Digital News Report – After its fourth Senate hearing, Senator Bob Huff (R – Diamond Bar) announced today that Senate Bill 1051, a bill to help students suffering from a seizure while at school, passed the Senate Health Committee in the face of heavy union opposition.
“This bill has received far more scrutiny than nearly any bill in the legislature this year,” said Senator Huff. “But the issue is very simple: should we help kids in need or not?”
SB 1051 will permit volunteer school employees to be trained to provide emergency medical assistance to students suffering from seizures. Some children with epilepsy are susceptible to prolonged seizures and require access to a life-saving emergency medication. FDA approved, Diastat Acudial, a pre-dosed preparation of diazepam gel, is the standard out-of-hospital treatment for prolonged seizures. Diastat is a safe and effective treatment, specifically designed to be administered by people without medical training.
Many school employee and nurses’ unions, including the California Teachers Association (CTA) and the California Nurses Association (CNA), believe only school nurses should administer Diastat. However, proponents of the bill say it is vital to have trained employees, even if a school has a nurse, because a nurse may not be in the proximity of a child who is suffering a seizure.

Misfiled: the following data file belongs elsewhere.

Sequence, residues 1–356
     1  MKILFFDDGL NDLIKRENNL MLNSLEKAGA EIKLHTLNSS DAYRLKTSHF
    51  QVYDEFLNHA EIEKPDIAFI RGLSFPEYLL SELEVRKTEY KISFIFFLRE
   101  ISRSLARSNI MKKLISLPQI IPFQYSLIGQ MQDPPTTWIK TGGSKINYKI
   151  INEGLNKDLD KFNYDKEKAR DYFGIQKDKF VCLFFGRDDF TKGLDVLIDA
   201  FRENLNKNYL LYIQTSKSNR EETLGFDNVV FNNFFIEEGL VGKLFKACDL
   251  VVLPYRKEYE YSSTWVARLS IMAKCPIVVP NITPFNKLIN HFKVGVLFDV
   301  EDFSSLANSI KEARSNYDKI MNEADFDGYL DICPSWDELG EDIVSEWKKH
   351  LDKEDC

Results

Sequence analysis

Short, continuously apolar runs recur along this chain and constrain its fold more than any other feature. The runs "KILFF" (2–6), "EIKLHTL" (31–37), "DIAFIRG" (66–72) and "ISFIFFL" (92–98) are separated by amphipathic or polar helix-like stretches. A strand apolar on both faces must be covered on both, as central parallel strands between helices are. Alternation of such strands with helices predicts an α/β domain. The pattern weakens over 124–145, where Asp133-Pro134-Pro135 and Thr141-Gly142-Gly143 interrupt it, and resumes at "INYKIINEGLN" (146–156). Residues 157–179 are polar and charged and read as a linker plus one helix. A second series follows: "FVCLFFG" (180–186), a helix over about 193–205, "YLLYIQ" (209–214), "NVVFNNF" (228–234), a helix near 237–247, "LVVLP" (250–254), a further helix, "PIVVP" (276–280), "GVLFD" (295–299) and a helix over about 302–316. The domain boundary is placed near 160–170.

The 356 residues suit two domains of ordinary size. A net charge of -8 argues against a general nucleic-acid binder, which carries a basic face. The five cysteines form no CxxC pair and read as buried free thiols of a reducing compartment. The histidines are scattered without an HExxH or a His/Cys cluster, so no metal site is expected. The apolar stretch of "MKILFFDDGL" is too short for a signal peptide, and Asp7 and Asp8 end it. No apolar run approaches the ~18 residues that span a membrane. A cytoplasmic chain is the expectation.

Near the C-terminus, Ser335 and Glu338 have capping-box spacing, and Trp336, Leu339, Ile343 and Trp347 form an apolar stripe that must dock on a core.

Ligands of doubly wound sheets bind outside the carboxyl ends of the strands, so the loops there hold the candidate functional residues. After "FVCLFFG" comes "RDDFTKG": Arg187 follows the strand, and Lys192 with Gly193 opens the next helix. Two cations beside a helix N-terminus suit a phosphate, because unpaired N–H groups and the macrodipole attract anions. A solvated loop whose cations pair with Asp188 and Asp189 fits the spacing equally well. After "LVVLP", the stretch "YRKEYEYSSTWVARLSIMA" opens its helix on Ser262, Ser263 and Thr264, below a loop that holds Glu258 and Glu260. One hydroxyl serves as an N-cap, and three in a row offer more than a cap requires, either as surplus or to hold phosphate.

“Some kids only have a couple minutes before they can start to experience brain damage,” said Senator Huff. “While a nurse is first in line to address the situation, the reality is that they may not be near the child during a seizure.”
For over a decade it has been common in California schools to have trained non-medical personnel (teachers, aides, office staff) administer doctor prescribed Diastat in an emergency situation, when a student suffers a severe, possibly life threatening, seizure.
Due to a recent recommendation by a consultant to the Board of Registered Nursing (BRN), nurses are now refusing to train school personnel, and schools are reluctant to have staff, even those already trained, administer Diastat.
California law already allows school personnel to administer emergency intervention drugs for diabetics and allergic reactions, and Diastat already has a ten year record of safe use.